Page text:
We are all writers.
We look at the world through our own special lenses. There are things we see as individuals that nobody else sees. People, places, events—nothing looks the same. We call it perspective.
As a fiction writer, I do a lot of visualizing, picturing scenes of high drama as well as the very ordinary. Sometimes these scenes make it into prose; sometimes not. But it is all part of the process of composition. I survey the landscape of reality and transform it into one of story and characters. And through this journey, I am transported to a time and place of my own creation. It's what fiction writers do, and in a sense, it's what all of us do, whether we formalize the process as writing or not.
Those of us who do not capture our world view on paper nonetheless "write" the stories of our times. Each day is another composition about people and problems, and the way we would like things to be—the day to day experiences we all have that become our personal stories. Unlike fictional creations, however, these stories often do not tie up neatly into organized plot lines. They are sometimes messy, unsatisfactory accounts of challenge and heartbreak, with endings that taper off without any meaningful resolution. These are our personal histories, biographical sketches of how the world succeeds or fails within the confines of our lives. And the events and characters are very real.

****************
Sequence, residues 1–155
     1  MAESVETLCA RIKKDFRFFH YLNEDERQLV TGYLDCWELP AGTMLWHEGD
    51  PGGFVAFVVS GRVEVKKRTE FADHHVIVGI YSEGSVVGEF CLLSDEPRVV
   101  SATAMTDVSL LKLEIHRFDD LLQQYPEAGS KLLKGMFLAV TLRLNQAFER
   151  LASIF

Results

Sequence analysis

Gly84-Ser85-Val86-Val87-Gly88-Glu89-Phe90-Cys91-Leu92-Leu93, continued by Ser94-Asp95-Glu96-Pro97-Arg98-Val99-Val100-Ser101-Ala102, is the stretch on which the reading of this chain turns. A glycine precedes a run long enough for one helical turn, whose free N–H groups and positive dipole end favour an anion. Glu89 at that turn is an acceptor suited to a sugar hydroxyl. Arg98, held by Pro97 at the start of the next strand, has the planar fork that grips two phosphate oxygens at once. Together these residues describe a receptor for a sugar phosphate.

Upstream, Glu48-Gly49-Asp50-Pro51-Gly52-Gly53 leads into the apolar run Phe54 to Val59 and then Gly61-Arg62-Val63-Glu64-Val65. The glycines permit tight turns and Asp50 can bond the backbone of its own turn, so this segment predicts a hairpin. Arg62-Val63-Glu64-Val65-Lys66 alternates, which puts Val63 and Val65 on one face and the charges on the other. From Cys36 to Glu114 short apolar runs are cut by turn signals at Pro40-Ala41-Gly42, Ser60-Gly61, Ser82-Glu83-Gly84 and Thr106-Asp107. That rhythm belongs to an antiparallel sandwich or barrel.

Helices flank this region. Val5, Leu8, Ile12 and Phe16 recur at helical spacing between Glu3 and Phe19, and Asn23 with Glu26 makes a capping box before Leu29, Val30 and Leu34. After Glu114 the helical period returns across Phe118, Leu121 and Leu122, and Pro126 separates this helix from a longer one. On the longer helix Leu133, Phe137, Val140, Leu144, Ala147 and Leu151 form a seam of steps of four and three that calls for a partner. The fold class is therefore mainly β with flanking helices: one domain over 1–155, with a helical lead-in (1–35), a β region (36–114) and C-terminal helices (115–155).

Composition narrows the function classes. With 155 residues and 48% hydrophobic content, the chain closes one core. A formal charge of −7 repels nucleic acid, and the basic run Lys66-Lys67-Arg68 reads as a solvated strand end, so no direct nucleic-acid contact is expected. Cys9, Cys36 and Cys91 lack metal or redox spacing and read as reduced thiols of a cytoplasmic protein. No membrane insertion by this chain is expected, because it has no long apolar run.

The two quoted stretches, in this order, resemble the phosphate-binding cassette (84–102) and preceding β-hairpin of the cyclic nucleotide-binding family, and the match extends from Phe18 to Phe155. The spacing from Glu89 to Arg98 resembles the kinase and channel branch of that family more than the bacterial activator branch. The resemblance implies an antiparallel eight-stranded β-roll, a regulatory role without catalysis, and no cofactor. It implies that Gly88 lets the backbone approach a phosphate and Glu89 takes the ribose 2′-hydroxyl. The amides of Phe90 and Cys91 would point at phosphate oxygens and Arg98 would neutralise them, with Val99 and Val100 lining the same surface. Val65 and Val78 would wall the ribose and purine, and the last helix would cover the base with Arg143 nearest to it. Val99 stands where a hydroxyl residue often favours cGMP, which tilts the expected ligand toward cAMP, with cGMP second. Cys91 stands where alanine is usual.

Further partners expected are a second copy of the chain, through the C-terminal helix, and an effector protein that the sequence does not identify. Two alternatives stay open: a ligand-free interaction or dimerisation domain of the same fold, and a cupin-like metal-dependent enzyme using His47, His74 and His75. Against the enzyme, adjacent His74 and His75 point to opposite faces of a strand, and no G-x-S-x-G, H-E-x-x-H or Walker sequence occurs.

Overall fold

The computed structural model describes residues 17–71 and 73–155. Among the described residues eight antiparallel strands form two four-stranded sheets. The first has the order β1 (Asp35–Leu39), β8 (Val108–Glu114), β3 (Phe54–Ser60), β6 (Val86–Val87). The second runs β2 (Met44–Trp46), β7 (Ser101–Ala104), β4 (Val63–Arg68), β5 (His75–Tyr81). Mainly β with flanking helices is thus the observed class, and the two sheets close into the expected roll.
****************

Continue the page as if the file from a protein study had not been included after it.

The vanity in those of us who write believes we can draw on the compelling aspects of our lives and that of the world around us to make a story that holds the reader's attention. We shape our plots and polish our prose to create something entertaining. It is a work of faith. We don't know how the end product will be interpreted. But we do it anyway because somewhere deep down, consciously or unconsciously, we believe our story may strike a familiar chord. Why? Because some readers have lived something similar to what is in the story, or they know someone who has. After all, fiction contains truth, no matter the genre—literary, romance, mystery, fantasy—it all reflects some aspect of life. As people leading real lives, we contribute to that truth.
We are all writers.
THE LITTLE ROCK MESSENGER
DREAM TRAVELER - Book One